A new concept in the field of voltage-gated ion channels

Aug 21, 2012 By Sathya Achia Abraham

(Phys.org) -- Virginia Commonwealth University School of Medicine researchers have uncovered a novel way by which the activity of voltage-gated potassium channels are regulated, according to a study published online last week in the Early Edition of the Proceedings of the National Academy of Sciences.

The findings may allow researchers to better understand and control how external signals – for example, hormones and neurotransmitters – can modulate excitability of cells. This understanding provides critical information on how to adjust cellular excitability when it needs to be stimulated.

By conducting basic science research, the team, led by Diomedes Logothetis, Ph.D., an internationally recognized leader in the study of and chair of the VCU School of ’s Department of Physiology and Biophysics, is hoping to understand the fundamental mechanisms by which membrane lipid-protein interactions regulate the of proteins, such as potassium (Kv) channels.

In this new study, Logothetis and his team have clarified the role of phospholipid phosphatidylinositol-bisphosphate, PIP2, a minor component of the inner leaflet of the plasma membrane that controls the activity of most ion channels and transporters.

They found PIP2 to be responsible for controlling the activation mechanism of Kv channels that reside in cells that generate electrical impulses to control heart rate and brain signaling.

Since the 1980s, investigators have known that the part of voltage-gated channels that senses membrane voltage changes is coupled to the pore via a linker called the S4-S5 linker. But it was not known until now that PIP2 regulates the activity of Kv channels by interacting with this helical linker.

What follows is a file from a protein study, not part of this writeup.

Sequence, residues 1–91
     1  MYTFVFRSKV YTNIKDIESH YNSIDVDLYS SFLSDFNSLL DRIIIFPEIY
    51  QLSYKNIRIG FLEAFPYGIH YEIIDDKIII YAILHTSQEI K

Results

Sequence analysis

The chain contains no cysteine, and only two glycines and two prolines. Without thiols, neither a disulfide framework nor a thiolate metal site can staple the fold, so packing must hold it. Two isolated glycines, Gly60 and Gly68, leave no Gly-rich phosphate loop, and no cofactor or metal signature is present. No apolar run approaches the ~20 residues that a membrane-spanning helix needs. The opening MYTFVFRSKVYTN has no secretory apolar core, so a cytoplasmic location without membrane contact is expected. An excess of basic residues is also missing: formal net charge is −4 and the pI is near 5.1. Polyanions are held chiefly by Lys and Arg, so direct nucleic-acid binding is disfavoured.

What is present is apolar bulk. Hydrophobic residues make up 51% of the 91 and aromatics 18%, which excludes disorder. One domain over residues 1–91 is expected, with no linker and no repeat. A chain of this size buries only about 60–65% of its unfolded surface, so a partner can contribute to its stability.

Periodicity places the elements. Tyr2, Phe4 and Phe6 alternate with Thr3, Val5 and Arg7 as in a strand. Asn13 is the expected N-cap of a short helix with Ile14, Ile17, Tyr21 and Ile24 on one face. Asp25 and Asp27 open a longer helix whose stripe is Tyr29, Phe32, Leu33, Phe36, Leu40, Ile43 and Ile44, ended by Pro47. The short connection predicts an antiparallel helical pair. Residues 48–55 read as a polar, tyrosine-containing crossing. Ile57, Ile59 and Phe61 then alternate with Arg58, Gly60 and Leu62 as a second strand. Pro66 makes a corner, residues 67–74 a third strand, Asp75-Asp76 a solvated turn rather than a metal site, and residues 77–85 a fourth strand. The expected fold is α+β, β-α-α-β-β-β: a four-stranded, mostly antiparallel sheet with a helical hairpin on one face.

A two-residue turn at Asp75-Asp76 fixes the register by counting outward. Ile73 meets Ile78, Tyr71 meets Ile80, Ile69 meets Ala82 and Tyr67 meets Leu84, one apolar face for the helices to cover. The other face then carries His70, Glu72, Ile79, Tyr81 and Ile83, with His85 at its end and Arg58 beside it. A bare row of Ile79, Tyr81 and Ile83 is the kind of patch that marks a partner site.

“Our study showed that this helical structure interacts with PIP2 in the membrane to regulate how much the voltage sensor can pull on the pore to open it,” said Logothetis.

Explore further: Estrogen helps calm stressed cells, researchers find

More information: www.pnas.org/content/early/201… 8/10/1207901109.long

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HannesAlfven
1 / 5 (2) Aug 21, 2012
The cytoplasm is a gel, and gels possess an innate ability to produce ionic gradients without the need for pumps and channels. According to Gerald Pollack, treating the cytoplasm as an aqueous fluid confined by the cell membrane ignores the observational fact that many cells of the human body are observed to continue to operate even when their cell membranes have been compromised. Pollack demonstrates quite clearly in his book, Cells, Gels and the Engines of Life, that not only was the concept of magnetic resonance imaging initially based upon the structured water - cytoplasm-as-gel hypothesis, but a pathway for the origin of life also becomes apparent once a person understands that polymers also look like they have pumps and channels. The pump-and-channel inference is something that the students of biology should take a far closer look at, and people should be permitted to hold their own opinions on this, as it is a debate which has raged for more than half a century.
barakn
not rated yet Sep 08, 2012
The favored weapon in the microbial world is a protein complex that punches a hole in the membrane of a cell. Holes mean death. http://en.wikiped..._complex
Hannes is spouting pure gobbledygook.